Inside GetUp's Ambitious Campaign To Crush Dutton And The Liberal Right
There's 151 seats up for grabs on May 18, but progressive campaigners GetUp are focusing on just six.
If you listen to the conservative press or the Coalition, the left-wing activists are the biggest threat to Australian democracy besides a shortage of election day sausages. But in reality, GetUp have laser-focused their considerable social media and on-the-ground presence in just a handful of areas around the country.
Dickson, Warringah, Flinders, Pearce, Boothby, Menzies. See a pattern?
“We know if we can rid parliament of these hard right blockers, we can really start to make progress on the issues our members care about," GetUp's national director Paul Oosting told 10 daily.
"We are taking on some very powerful and stubborn politicians, who are digging in their heels with the support of a party machine behind them."
The six seats are home to some of the more conservative and controversial politicians in contemporary #AusPol: Peter Dutton (Dickson), Tony Abbott (Warringah), Greg Hunt (Flinders), Kevin Andrews (Menzies), Christian Porter (Pearce) and Nicolle Flint (Boothby).
GetUp chose those seats after asking their growing membership base which seats they most wanted to come under the national spotlight. It says these areas are represented by "hard right" members, and have poured in money, activists and strategy, across Sydney, Melbourne, Brisbane, Adelaide and Perth.
"We know we have a huge task ahead, this is the most ambitious we have ever been," Oosting said.
While GetUp is also part of a community alliance campaigning in Kooyong, represented by treasurer Josh Frydenberg, the most high-profile major scalps they want to claim are those of Abbott and Dutton. Abbott's independent challenger in Warringah, Zali Steggall, has repeatedly said she was not working with GetUp, but that the group was running its own race in the area that just so happened to align with -- and have the same goals as -- her campaign.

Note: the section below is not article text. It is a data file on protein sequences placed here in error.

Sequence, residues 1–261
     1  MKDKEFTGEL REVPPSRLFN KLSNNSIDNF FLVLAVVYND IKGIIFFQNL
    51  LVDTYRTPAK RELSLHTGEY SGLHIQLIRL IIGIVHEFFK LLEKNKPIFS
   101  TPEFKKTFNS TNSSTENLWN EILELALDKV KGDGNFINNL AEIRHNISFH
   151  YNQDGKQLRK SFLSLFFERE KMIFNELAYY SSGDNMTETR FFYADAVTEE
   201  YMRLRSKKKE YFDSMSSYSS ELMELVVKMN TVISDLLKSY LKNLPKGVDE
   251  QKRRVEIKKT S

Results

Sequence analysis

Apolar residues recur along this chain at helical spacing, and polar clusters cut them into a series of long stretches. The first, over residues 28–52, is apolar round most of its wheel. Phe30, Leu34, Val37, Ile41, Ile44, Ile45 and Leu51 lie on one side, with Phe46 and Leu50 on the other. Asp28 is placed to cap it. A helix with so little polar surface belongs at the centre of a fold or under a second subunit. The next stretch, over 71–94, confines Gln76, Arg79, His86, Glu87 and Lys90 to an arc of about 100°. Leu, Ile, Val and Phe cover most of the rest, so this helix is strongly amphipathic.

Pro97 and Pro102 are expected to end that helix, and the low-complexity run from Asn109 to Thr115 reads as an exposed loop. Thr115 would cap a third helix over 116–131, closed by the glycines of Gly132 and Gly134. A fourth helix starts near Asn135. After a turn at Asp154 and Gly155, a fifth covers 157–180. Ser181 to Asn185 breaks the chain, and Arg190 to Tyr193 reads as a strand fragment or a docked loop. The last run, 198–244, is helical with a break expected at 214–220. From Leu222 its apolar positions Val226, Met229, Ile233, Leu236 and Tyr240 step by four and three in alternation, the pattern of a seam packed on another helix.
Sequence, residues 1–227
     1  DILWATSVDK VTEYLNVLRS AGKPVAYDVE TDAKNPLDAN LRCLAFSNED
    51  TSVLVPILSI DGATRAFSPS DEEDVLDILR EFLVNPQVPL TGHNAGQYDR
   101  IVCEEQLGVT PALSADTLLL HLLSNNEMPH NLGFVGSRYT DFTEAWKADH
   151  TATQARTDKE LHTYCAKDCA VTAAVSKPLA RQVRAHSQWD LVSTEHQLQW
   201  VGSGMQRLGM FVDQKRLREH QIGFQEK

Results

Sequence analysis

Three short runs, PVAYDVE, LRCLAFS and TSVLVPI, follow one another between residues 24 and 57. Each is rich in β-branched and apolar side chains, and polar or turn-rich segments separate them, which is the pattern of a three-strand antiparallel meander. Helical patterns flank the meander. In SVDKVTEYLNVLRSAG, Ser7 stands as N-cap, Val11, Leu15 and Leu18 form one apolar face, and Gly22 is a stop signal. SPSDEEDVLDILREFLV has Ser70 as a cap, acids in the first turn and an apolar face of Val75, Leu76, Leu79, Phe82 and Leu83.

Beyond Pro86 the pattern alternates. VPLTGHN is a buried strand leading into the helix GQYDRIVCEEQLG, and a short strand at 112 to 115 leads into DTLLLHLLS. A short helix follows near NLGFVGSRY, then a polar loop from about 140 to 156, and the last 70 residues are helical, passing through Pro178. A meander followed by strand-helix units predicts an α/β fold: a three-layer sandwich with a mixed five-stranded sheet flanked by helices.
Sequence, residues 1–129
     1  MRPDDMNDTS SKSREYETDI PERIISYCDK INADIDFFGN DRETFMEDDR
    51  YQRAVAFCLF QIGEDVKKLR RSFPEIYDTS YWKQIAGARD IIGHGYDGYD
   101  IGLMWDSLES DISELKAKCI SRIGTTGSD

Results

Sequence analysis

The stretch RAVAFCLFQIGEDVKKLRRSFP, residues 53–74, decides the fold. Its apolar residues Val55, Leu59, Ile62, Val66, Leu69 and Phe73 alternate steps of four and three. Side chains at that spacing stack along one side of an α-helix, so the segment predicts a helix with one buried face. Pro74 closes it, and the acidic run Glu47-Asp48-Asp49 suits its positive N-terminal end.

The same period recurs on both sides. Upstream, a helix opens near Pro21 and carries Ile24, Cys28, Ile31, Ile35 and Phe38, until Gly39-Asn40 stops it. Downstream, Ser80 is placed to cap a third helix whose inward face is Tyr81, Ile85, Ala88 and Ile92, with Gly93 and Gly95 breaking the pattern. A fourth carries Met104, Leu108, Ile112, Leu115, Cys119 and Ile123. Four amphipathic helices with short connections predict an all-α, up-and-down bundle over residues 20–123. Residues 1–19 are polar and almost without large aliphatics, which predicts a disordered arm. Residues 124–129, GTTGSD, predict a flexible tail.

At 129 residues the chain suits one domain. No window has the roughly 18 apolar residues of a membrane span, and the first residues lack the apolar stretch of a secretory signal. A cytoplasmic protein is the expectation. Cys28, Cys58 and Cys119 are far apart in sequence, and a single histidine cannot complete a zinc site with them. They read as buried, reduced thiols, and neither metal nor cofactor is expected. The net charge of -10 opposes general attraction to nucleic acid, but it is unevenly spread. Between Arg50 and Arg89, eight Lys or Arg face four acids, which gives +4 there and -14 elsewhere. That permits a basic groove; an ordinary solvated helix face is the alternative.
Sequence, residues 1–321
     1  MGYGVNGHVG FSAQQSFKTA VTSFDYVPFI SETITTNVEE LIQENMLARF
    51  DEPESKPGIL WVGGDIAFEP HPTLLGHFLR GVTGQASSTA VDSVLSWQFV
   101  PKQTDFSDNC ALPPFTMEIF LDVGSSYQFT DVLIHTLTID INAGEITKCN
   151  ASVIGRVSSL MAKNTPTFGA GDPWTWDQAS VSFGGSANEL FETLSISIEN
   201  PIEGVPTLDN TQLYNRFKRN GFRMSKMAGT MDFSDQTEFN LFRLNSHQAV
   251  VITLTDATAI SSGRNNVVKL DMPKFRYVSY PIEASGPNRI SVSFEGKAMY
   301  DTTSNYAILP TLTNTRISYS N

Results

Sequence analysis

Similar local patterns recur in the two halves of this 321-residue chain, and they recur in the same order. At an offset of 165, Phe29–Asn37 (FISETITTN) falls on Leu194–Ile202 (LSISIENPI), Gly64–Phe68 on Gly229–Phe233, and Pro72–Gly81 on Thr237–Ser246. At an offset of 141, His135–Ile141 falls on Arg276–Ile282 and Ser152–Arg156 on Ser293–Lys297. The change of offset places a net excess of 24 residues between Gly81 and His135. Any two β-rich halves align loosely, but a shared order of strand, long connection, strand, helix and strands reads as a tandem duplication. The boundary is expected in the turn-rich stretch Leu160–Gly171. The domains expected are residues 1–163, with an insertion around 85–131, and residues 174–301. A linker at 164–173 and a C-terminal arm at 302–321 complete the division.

"When we call voters and say 'don't vote for the Liberals', it's not personal. They just have a shit climate policy," Henrietta Smith, election director for GetUp, bluntly told 10 daily.
She admitted the group "made a boo boo" with a controversial anti-Abbott ad briefly aired -- then quickly yanked -- last week, showing an actor playing volunteer lifeguard Abbott ignoring someone drowning in the ocean. It was meant to represent what some saw as Abbott ignoring climate change, but after instant outrage, the ad was junked and GetUp apologised.
"We've tightened those approval processes," Smith said, but added that she didn't think that "the swing voters of Warringah will be fazed by" the ad controversy. She said GetUp's people had knocked on 20,000 doors and made 100,000 phone calls already in recent weeks, and claimed more than 500 volunteers were working in the seat.
GetUp is advertising phonebank parties on Facebook through targeted paid ads. The bright invitations tell invitees "Peter Dutton won by 217 votes. In one shift you can help change 39 minds".
By election day, she claimed up to 3000 GetUp volunteers would be on the ground, handing out how-to-vote cards at polling booths, asking for Australians to dump conservatives.
"We just pick seven seats, while the major parties have to work in 151. We can be more focused and localised in our messaging," Smith said of GetUp's tight focus on this campaign.
"We can really figure out how those local campaigns work. The other candidates have to stick to boring messaging from head office."